Contrition and Confession 

Ezra cried out to God with deep sorrow because of the sins of the returning Israelites. In Ezra 9, he declares, “Still in my torn garment and robe, I fell to my knees with my hands outstretched to the Lord my God, and said, ‘My God, I am too ashamed and hurt to turn to you, because we’re in our iniquities over our heads. Furthermore, my God, our sins have grown as high as the heavens.’”

Nehemiah acknowledged the sins of his nation and asked for the favor of God to return and rebuild Israel, which was in ruins. Nehemiah prayed in Nehemiah 1, “Lord, the God of heaven, the great and awesome God, who keeps his covenant of love with those who love him and keep his commandments, let your ear be attentive and your eyes open to hear the prayer your servant is praying before you day and night for your servants, the people of Israel. I confess the sins we Israelites, including myself and my father’s family, have committed against you.” 

God was attentive to Daniel, Ezra and Nehemiah’s prayers and restored their nation. They were following the prescribed remedy for a diseased and troubled nation that God lays out in Joel 2:12-13, “Now, therefore,” says the Lord, ‘Turn to Me with all your heart, With fasting, with weeping, and with mourning.” So, rend your heart and not your garments, return to the Lord your God, for He is gracious and merciful, slow to anger, and of great kindness; and He relents from doing harm. Who knows if He will turn and relent, and leave a blessing behind Him.”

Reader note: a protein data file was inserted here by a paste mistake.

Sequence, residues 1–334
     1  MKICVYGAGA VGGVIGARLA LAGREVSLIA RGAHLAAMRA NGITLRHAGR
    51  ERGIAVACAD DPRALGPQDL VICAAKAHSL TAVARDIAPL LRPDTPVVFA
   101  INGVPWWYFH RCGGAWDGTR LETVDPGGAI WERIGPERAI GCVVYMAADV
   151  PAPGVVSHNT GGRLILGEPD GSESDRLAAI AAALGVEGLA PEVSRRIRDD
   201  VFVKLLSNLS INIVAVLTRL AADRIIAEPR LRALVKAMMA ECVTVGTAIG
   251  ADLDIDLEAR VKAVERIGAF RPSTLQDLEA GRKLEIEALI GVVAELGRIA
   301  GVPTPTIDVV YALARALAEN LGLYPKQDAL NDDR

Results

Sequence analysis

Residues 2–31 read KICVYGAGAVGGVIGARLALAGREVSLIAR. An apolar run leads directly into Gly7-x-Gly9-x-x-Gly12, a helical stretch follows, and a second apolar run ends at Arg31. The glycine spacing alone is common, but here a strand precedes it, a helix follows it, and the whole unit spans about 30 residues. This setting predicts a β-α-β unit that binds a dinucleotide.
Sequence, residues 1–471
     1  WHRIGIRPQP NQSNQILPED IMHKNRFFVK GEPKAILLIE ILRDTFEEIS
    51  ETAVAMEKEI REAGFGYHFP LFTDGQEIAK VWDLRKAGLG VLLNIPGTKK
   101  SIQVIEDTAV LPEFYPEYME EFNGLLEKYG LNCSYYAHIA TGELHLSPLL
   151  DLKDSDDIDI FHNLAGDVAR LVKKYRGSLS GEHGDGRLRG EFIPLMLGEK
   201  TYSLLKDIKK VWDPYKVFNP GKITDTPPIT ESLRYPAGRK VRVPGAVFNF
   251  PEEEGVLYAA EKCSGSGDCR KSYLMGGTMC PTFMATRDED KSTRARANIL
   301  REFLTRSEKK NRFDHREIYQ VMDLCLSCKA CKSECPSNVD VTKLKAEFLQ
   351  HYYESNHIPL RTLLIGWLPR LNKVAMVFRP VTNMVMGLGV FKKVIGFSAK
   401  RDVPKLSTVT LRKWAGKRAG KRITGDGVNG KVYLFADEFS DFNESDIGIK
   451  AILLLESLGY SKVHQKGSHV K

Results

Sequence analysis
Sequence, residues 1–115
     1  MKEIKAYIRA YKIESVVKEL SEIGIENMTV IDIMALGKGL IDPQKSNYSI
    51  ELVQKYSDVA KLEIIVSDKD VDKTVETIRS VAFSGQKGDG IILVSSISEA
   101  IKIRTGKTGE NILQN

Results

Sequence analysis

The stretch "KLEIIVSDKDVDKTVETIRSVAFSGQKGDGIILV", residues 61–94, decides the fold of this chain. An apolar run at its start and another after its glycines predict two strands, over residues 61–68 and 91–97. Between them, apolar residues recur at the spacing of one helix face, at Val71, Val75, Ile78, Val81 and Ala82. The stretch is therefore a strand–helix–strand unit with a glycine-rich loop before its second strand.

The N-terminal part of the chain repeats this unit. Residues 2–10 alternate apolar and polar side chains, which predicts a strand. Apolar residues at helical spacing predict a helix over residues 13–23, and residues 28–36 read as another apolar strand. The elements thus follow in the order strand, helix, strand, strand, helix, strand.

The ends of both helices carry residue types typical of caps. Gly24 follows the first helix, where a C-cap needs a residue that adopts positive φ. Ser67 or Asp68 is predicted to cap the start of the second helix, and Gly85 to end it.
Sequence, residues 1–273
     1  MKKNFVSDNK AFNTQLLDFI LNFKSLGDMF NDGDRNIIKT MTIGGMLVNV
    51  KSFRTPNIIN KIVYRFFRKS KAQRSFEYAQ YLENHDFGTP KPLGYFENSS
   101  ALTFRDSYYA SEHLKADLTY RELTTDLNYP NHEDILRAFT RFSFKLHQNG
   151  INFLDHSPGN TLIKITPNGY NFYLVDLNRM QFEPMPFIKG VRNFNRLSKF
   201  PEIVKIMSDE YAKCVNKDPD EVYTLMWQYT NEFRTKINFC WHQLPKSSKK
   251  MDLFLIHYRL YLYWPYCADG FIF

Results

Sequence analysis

Collective Responsibility 

We see the power of the intercession of these righteous servants of old when they owned the collective story of their people as their own, and we take to heart that God promises to His church the same restoration when we turn from our sins and turn toward him. James 4:8 tells us, “Draw near to God and He will draw near to you. cleanse your hands you sinners, and purify your hearts you double-minded. Be miserable and mourn and weep; let your laughter be turned into mourning and your joy to gloom. Humble yourselves in the presence of the Lord, and He will lift you up.” Let us pray and ask God to forgive us for our sins, and to lift us up into His presence.